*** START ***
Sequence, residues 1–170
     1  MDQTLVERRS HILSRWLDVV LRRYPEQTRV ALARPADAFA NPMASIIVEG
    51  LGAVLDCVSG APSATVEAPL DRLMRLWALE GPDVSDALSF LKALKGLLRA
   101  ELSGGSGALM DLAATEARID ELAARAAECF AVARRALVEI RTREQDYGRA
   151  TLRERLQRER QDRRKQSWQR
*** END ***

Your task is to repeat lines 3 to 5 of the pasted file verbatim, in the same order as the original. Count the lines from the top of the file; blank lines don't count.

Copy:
    51  LGAVLDCVSG APSATVEAPL DRLMRLWALE GPDVSDALSF LKALKGLLRA
   101  ELSGGSGALM DLAATEARID ELAARAAECF AVARRALVEI RTREQDYGRA
   151  TLRERLQRER QDRRKQSWQR